Samiksha Ransom reviews Suhit Sen’s The Hunter of Lalbazaar recommending it as your next weekend crime fiction read.
The Hunter of Lalbazar is a crime thriller by Suhit Sen that echoes the Indian crime thriller film, except for the fact that, unlike major crime films, this book chooses the investigation to be led by a female cop – JCP Tanya Samanta. An honest, sensitive, and conscientious cop who is also an able leader, Tanya Samanta is on the chase of a serial rapist whose degree and extent of crime increase proportionally to the number of his victims. The reader is left wondering if this criminal were to commit the next crime, what would be the consequences for the victim, in addition to rape? Which woman would next fall prey to this taxi-driver cum rapist?
When Tanya is informed of the first rape, she is determined to catch him and put him behind bars. Little does she know that this man might not necessarily be running away from her. In a way, he too wants to be ‘caught’ by Tanya because of his obsessive need to get his revenge on her. Often while committing his crimes, he imagines his victim as Tanya. Why does this criminal obsess over Tanya and long for revenge? What is the relationship the two have shared? Is he one of her own?
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Twists and Turns
What Tanya does know, however, is that, unlike most criminals, he is unrelenting and makes no attempts to hide his crimes. On the contrary, he often dumps his victims in public spaces like parks and leaves their wallets on the crime scene for easy identification by the police. Deeply craving the attention, he gets from the police, media, and society, he commits one crime after another, and while the chase continues, he continually manages to evade Tanya and her team – in one incident, literally slipping from under their noses.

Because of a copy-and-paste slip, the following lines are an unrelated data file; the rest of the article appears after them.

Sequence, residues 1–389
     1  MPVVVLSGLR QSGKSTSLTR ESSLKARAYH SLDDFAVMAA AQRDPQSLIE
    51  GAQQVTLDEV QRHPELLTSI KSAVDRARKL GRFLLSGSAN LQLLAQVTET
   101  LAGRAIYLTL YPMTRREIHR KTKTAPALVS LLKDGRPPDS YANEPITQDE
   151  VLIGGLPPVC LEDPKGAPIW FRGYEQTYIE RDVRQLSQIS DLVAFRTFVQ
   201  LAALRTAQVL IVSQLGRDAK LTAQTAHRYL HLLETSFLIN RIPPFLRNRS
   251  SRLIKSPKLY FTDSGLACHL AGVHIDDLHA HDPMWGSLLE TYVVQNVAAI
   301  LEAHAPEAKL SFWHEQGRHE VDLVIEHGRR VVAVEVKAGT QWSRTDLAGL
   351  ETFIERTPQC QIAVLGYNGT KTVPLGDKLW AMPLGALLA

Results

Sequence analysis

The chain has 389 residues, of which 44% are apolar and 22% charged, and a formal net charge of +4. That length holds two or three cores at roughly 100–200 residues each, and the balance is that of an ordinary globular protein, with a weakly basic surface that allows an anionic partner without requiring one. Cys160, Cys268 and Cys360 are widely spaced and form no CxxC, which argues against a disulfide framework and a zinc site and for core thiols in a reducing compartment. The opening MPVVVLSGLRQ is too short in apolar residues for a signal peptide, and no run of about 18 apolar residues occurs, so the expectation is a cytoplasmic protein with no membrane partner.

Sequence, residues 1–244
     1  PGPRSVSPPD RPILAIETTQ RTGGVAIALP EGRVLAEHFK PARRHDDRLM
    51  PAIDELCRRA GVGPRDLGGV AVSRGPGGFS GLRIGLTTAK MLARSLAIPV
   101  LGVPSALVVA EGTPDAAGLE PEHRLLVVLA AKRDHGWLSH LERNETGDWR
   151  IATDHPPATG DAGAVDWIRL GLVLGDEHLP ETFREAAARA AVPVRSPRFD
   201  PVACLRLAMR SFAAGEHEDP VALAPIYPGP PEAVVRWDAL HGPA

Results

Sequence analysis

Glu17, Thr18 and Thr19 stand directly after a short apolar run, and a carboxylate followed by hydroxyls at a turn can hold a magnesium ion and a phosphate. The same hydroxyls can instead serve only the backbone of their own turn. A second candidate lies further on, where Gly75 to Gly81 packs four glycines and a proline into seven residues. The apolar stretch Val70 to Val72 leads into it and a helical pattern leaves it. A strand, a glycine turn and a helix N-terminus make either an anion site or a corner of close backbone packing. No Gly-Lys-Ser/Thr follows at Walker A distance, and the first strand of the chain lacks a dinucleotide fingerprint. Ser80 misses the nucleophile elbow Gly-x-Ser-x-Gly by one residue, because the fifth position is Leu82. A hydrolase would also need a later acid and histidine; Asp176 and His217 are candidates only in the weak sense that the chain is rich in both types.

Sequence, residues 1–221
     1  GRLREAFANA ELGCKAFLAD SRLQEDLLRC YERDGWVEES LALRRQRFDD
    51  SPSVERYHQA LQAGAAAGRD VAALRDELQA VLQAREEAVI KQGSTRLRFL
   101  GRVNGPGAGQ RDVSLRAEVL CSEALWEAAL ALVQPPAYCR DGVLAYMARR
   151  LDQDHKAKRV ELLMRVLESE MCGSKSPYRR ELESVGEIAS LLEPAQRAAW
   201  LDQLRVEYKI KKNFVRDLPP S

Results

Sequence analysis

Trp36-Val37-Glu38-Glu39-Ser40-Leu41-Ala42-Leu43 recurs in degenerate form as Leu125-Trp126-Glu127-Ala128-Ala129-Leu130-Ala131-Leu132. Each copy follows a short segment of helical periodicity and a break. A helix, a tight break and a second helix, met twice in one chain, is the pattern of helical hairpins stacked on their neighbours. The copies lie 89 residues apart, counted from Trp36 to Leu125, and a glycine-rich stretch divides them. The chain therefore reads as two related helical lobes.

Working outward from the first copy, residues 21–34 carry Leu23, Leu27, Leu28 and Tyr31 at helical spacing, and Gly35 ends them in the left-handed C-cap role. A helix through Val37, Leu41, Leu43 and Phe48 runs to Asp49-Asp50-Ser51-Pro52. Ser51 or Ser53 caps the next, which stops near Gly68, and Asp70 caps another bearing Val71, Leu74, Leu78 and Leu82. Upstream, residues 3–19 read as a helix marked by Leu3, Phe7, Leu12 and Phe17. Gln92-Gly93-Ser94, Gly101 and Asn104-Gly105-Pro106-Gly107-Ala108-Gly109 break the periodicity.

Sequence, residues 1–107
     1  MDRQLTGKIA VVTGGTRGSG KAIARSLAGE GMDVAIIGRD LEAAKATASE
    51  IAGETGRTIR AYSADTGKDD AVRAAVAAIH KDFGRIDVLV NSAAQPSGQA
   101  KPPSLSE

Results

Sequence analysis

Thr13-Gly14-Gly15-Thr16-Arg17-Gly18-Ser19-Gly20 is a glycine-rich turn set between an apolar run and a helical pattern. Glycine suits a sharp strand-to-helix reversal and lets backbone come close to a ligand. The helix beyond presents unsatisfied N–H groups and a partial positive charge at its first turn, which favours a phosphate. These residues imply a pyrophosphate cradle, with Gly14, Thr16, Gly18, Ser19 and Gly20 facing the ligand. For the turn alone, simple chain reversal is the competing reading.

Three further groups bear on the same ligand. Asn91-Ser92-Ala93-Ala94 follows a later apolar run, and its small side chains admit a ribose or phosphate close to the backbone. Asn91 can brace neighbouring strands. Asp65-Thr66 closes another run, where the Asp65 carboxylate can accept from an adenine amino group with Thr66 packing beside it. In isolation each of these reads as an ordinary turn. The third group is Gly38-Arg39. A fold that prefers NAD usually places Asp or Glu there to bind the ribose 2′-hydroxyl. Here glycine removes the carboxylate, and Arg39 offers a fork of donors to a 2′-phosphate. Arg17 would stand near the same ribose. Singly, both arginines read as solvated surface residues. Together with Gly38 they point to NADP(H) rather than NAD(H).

Though he always manages to slip out of her hands, because he is obsessed with Tanya, and Tanya’s determination to catch him, an ultimate showdown is inevitable between the two. The only question that remains, and will make all the difference is this – who will catch whom first?
The novel is set in the city of Kolkata and is meticulous in its description of the city – its places, people, and culture. It is divided into six parts, each set at a different location in the city. Though the first part of the novel is relatively slow, the second part picks up the pace as the account shifts into the present tense and instantly becomes more engaging. As the narrative picks up, the reader begins to understand that the stakes are raised higher and higher, with every minute this man spends on the loose.
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Suhit Sen’s Voice and Narrative
However, there is one drawback – the voice of Suhit Sen seems to seep into the narrative now and then and take precedence over the voice of the characters. Sometimes minor details are narrated, even though the reader might deem them insignificant to the narrative. Despite this, parts five and six, where most of the action happens, are particularly engaging.
The Hunter of Lalbazar takes a socially conscious approach. Suhit Sen writes from a feminist perspective – Tanya Samanta is only one of the good and capable female cops, while there are many others like her on her team, and many with whom she collaborates to catch the culprit. Ghazala, a courageous young girl can fend off the criminal and injure him. The other victims too, decide to collectivise, share their experiences, and learn the art of self-defense at Ghazala’s bidding.
Throughout the novel, Suhit Sen also does not hesitate to comment on the corruption of politicians and officers in the police department itself, which are themes critical to the book. Well-researched, the book gives the reader interesting insights into the city of Kolkata and various police procedures that the layman might be unaware of. While certain aspects of the book can be improved, it is an appealing read for an audience that loves to taste the thrill of Indian crime fiction.
In Calcutta, as in other Indian cities, there are slums and then there are slums. Some are somewhat habitable, but not the ones along the railway lines, which are makeshift hellholes. A universal fixture of these slums is the hooch den. It is to a slum what a temple is to a village, or a tea shop to a city neighbourhood. Here, the denizens gather to get hammered, discourse, complain, and often quarrel and fight. If they are unlucky, and the ethanol they are supposed to be drinking turns out to be methanol, they die or go blind.
Have you read this chilling novel based on the police procedurals in India? What do you think of it? Drop a comment below and let us know!